As a young child, Mendelssohn was a prodigy on both piano and violin. Along with his sister Fanny (also a musical prodigy), the young Felix went to Paris to study the work of Mozart and Bach; the two composers had a great and lasting impression on Mendelssohn, and many of his works show his penchant for Classical logic, form, and elegance over the more contemporary trademarks of the Romantic period. Mendelssohn’s gifts were not limited to music, however; he was also a painter and had natural aptitude with languages; at the age of 12, Mendelssohn was introduced to the poet Johann Wolfgang von Goethe, to whom he dedicated his B-minor Piano Quintet. He also was influenced by the works of Shakespeare, and wrote the overture to A Midsummer Night’s Dream when he was only 17.
Mendelssohn composed three violin sonatas over the course of eight years. The one we hear tonight is the final of the three, written in the summer of 1838 when Mendelssohn had a new wife and a baby. During that summer he had time to turn his attention to chamber music. This Violin Sonata in F is an extremely ambitious work, concerto-like for both instruments while remaining true to the form. The result is both coherent and exhilarating. The first movement, marked Allegro vivace, is fraught with drama from the beginning. The piano begins with a statement of dotted-rhythm sequences moving up. Then the violin takes over the melody while the piano ripples. The two climb and fall as they trade melody and accompaniment back and forth.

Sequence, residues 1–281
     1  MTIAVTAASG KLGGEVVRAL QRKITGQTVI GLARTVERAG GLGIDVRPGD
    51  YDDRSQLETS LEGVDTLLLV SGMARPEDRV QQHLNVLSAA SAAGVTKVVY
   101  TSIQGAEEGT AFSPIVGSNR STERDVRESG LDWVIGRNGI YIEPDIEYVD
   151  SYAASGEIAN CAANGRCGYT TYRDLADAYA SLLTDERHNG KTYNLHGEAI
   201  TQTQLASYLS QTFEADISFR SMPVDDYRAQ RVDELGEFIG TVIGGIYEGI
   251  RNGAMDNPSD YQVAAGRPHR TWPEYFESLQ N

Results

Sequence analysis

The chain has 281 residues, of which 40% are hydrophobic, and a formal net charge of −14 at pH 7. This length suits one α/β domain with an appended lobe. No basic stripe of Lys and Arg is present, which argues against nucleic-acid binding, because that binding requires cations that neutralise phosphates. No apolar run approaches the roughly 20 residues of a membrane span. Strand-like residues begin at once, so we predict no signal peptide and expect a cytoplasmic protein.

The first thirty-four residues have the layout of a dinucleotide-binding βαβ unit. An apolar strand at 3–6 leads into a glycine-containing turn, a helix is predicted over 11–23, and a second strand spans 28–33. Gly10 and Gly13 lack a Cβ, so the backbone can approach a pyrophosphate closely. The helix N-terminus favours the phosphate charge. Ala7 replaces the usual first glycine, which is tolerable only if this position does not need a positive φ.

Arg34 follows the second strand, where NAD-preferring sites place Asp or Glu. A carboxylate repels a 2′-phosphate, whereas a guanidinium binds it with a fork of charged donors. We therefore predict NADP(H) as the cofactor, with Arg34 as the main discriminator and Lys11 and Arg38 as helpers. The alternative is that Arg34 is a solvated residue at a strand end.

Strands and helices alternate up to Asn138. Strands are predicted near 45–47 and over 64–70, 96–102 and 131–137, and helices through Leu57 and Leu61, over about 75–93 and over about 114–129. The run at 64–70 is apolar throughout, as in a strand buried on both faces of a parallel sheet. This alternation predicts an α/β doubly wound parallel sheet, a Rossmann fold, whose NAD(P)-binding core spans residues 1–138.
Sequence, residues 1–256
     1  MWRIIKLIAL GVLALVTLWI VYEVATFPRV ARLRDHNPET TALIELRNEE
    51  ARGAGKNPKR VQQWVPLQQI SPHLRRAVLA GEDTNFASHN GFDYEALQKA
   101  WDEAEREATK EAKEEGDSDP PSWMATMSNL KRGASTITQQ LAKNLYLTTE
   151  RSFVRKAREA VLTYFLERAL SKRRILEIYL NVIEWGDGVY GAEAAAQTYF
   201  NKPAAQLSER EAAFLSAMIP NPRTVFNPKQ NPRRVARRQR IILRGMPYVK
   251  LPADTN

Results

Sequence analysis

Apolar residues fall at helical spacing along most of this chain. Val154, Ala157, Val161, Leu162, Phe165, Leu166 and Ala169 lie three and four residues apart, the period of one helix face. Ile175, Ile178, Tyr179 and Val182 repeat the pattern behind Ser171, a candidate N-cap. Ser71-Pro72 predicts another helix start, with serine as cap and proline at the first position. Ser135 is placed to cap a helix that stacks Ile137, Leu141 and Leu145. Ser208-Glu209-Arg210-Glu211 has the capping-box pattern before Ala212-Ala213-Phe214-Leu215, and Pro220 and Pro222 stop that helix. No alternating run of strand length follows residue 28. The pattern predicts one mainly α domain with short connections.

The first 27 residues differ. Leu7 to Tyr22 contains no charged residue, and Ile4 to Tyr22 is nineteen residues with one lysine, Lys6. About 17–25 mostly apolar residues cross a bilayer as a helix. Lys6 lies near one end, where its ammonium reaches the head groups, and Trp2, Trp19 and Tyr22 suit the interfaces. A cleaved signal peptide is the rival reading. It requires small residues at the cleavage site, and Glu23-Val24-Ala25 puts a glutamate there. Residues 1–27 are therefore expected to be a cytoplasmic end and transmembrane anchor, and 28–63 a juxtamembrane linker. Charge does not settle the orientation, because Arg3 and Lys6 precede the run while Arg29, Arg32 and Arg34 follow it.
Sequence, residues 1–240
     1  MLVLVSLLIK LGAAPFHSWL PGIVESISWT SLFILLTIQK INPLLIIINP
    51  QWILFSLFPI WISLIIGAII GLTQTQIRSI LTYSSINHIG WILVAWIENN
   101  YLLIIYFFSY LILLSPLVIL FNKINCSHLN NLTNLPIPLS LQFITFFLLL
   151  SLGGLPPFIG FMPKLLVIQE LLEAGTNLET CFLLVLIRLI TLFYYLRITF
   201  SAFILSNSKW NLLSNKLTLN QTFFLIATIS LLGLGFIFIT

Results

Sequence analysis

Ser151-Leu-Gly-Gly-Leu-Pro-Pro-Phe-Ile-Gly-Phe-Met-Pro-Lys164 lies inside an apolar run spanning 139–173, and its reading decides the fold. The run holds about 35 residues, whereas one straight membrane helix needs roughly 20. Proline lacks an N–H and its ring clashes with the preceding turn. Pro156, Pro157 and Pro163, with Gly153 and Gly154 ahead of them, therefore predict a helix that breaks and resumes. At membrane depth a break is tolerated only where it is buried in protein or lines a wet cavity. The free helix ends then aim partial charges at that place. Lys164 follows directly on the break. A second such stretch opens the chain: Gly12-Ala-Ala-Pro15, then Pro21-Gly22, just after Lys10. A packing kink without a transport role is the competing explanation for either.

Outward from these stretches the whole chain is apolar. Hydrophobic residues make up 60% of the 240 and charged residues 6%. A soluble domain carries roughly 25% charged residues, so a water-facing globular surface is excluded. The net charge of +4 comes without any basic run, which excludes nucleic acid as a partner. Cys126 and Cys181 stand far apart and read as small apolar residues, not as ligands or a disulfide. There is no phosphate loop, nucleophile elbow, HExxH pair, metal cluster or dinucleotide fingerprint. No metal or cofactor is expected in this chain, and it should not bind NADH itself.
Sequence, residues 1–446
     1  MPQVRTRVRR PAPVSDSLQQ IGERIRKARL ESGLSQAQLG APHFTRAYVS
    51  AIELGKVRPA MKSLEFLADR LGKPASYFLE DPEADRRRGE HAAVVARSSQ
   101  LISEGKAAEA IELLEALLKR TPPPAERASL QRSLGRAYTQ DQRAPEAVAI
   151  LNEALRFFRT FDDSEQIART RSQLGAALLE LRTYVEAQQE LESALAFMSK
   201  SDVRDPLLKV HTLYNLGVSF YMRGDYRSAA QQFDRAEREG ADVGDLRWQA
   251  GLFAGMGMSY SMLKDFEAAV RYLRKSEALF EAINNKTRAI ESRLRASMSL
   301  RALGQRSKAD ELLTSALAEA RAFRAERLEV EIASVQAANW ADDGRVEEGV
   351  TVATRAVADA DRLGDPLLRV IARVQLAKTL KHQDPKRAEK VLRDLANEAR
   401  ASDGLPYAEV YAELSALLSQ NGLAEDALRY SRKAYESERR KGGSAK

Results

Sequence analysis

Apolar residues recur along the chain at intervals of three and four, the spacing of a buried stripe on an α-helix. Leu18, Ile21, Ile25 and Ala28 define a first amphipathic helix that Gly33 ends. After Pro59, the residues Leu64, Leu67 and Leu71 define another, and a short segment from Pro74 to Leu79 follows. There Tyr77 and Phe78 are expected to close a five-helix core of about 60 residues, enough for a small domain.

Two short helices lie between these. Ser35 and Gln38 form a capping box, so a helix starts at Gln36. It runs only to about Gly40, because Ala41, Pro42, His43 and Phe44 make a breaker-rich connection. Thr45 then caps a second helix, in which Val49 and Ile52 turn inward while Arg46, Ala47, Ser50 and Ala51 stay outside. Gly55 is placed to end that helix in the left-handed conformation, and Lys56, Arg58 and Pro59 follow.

A vastly more reflective Adagio follows; the piano again starts, this time with quiet chords and single notes sounding out a lovely melody. The movement ends with the violin sustaining a high note while the piano plays much lower in register.
The final Assai vivace is a feather-light race between the two partners; there’s a sense of happy exploration as the movement seems to happen in one large sweep of action.
Mendelssohn did not publish the work in his lifetime. The Sonata in F lay untouched for years after its premiere performances in 1838, until finally Yehudi Menuhin revived the work, publishing it in 1953.